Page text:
"My Business is to Sing" is the third program in the Emily Dickinson's trilogy "Angles of a Landscape." It explores how the music of Emily Dickinson's time gave life to her poetic voice. From early childhood, the poet played music or "moosic," took piano and singing lessons, and later improvised her own "weird and beautiful melodies" to entertain her family and friends.
The 40-minute film was produced by Ernest Urvater, written and narrated by poet Susan Snively. It features music the poet heard or sang, including hymns, popular songs, brass bands, ballet, concert pieces, and opera, performed by Valley musicians and others. A song by well-known contemporary composer Alice Parker reveals Dickinson's experience of joy mixed with anguish. The film shows how the poet, a lover of birds, wove their "dizzy music" into her words, along with the familiar noises of cats, dogs, crickets, frogs, and flies. The poet's words record the loves and losses of a life more dramatic than her readers often suppose. The "Titanic Operas" of the poet's poems and letters are illuminated by the work of artists such as William Blake, Thomas Cole, Martin Johnson Heade, Thomas Nast, George Inness, and Orra White Hitchcock, as well as images from dance, the concert stage, illustrated newspapers, the natural world, and Dickinson's home.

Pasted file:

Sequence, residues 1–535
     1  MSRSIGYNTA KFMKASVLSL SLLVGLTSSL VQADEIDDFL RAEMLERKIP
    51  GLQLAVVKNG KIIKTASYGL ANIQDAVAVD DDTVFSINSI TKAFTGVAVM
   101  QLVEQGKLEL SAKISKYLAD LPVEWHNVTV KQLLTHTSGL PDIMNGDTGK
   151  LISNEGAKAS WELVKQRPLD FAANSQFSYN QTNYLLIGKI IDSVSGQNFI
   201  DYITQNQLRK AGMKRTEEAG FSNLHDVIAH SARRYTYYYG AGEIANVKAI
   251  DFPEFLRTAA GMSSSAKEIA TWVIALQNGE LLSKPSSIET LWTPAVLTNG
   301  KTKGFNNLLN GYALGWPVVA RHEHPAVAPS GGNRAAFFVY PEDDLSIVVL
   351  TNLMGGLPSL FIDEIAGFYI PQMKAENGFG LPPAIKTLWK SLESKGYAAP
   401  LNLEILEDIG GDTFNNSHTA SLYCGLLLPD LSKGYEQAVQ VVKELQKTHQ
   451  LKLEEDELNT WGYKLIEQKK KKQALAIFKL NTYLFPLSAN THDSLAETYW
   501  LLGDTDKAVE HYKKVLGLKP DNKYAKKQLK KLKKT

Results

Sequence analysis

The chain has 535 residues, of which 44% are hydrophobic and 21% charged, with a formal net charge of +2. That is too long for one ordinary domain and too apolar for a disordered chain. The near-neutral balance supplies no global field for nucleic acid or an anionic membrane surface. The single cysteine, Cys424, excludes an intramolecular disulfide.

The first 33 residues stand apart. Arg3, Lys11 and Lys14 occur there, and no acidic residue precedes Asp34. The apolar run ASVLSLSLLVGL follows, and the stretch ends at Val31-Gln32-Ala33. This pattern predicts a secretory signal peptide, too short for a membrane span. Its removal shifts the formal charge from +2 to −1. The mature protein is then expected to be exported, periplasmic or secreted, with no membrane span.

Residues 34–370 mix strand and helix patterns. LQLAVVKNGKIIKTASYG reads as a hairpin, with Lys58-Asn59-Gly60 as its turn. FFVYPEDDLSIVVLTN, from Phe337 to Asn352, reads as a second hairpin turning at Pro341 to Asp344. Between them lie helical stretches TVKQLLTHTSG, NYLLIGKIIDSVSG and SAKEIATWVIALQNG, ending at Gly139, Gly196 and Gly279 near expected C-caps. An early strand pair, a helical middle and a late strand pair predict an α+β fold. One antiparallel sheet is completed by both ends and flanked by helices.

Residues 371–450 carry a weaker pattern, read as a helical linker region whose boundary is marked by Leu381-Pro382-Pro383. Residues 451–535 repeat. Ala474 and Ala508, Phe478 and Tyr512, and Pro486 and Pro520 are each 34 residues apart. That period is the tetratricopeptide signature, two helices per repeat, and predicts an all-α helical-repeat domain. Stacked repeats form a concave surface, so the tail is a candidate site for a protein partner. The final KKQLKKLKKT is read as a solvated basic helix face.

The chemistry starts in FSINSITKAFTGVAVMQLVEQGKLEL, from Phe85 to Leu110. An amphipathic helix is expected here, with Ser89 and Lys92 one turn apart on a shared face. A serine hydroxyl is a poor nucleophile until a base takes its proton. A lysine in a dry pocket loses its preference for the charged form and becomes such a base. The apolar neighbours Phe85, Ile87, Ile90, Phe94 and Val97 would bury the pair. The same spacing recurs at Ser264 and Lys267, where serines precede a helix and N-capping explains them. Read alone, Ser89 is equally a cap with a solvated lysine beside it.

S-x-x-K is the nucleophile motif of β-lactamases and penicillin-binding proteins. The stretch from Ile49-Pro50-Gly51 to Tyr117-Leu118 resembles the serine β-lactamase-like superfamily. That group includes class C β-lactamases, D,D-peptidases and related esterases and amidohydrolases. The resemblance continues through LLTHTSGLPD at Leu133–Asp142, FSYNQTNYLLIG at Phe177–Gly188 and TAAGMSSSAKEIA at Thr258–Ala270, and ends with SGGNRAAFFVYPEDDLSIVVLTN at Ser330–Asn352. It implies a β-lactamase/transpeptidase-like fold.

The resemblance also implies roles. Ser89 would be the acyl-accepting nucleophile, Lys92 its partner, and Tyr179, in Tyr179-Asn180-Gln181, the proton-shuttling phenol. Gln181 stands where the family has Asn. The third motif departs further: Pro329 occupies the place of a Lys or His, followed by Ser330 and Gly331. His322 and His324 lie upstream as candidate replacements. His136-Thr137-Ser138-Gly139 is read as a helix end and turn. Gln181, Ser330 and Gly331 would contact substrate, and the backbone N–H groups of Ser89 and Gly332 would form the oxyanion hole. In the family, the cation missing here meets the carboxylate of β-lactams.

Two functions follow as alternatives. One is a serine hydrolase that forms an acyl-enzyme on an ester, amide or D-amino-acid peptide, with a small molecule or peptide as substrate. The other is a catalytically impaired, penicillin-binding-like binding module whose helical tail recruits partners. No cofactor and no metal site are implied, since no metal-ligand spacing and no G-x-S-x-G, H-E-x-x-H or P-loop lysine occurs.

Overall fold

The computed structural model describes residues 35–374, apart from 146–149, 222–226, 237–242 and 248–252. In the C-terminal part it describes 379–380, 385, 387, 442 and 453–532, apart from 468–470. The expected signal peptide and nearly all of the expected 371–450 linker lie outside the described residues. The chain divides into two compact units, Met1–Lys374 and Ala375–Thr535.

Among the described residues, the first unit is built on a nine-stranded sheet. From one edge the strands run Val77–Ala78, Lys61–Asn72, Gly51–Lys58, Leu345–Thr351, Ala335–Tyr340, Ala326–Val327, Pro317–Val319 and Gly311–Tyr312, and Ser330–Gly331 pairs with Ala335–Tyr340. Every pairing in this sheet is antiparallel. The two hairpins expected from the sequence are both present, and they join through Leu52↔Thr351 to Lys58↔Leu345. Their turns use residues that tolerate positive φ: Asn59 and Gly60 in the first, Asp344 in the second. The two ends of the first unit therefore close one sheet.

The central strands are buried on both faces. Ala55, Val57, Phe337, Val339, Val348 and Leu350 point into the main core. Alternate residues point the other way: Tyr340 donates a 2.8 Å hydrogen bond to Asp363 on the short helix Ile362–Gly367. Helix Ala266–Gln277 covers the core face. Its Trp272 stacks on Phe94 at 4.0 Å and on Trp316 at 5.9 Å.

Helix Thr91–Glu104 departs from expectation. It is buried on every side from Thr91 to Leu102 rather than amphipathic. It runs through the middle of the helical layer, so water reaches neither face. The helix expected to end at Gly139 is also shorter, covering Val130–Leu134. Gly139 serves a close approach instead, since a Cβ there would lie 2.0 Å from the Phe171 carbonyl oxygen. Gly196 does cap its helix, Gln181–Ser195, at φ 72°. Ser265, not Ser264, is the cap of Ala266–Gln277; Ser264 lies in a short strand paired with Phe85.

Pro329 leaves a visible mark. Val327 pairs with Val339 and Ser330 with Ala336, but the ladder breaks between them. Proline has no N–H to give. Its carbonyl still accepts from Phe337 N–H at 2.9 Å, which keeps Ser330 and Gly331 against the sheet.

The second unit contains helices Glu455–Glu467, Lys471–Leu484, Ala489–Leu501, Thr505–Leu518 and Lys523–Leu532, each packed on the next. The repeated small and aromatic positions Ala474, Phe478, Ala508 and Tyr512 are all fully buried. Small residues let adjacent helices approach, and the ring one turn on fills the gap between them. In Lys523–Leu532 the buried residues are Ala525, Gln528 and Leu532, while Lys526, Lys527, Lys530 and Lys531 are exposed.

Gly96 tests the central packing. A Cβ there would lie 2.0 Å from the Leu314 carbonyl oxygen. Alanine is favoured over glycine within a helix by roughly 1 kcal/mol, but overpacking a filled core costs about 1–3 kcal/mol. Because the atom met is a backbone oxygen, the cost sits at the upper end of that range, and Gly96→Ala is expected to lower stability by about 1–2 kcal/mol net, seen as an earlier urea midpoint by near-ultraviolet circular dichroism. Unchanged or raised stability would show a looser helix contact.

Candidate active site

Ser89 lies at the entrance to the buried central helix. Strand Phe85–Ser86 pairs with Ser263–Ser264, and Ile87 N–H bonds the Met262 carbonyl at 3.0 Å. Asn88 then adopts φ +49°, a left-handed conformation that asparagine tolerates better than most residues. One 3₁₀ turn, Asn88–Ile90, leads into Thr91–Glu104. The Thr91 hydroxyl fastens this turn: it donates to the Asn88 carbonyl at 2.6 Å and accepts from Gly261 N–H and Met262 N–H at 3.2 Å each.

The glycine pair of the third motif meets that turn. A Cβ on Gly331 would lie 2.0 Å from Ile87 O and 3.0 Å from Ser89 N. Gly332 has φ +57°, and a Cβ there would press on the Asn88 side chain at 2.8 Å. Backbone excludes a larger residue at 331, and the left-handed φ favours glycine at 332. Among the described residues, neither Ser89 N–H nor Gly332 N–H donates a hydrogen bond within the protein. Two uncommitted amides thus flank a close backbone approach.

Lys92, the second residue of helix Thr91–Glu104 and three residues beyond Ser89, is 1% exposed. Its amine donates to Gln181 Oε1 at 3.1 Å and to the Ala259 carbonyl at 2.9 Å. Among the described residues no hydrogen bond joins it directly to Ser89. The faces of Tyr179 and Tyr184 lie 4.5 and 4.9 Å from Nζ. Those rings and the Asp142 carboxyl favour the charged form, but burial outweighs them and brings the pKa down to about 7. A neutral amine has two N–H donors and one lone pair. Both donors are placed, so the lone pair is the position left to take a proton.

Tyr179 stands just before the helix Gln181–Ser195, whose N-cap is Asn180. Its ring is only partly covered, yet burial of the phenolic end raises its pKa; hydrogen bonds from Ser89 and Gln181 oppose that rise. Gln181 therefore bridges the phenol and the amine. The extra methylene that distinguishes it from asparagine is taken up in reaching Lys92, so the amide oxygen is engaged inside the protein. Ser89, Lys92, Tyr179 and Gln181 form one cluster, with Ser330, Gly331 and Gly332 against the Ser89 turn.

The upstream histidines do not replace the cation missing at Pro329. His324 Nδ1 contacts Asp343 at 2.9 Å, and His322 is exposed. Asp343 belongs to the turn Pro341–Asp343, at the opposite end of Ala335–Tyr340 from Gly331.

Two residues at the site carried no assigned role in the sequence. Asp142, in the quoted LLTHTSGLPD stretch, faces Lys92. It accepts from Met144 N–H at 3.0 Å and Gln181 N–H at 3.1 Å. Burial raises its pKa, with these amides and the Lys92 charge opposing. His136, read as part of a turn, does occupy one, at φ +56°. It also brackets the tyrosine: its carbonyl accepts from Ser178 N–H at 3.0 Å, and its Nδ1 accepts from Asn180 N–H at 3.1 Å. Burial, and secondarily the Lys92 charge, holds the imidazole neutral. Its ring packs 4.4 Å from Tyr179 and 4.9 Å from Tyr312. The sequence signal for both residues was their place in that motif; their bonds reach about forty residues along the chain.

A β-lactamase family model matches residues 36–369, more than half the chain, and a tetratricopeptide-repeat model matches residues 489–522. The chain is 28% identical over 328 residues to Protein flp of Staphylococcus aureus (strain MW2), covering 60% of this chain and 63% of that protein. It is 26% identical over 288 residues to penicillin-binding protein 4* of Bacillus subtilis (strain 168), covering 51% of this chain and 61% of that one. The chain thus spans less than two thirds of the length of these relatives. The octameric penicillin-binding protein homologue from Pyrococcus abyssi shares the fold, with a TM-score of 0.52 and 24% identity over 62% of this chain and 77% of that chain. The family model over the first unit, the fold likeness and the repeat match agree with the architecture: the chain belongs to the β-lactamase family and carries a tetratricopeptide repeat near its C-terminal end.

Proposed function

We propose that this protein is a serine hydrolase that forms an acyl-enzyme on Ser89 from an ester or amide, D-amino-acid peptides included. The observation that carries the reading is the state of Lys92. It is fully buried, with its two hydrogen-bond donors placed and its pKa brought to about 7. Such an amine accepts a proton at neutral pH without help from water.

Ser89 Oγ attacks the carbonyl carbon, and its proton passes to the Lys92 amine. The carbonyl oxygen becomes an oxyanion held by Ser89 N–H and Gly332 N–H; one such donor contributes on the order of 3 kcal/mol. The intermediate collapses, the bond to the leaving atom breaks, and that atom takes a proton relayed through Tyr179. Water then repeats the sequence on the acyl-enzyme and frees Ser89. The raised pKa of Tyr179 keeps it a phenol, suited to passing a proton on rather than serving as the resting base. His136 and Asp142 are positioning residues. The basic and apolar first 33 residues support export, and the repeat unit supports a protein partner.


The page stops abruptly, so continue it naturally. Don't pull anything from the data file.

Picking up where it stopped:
"My Business is to Sing" is based on Carolyn Cooley's 2003 book, The Music of Emily Dickinson's Poems and Letters. In 2010 Urvater and Snively created "Seeing New Englandly," the second program in the "Angles of a Landscape" series. The first was "The Poet in her Bedroom." The series was created under the auspices of the Emily Dickinson Museum in Amherst.
See a preview of My Business is to Sing.
(the clip exceeds TeachersPayTeachers' maximum file size of 5Mb)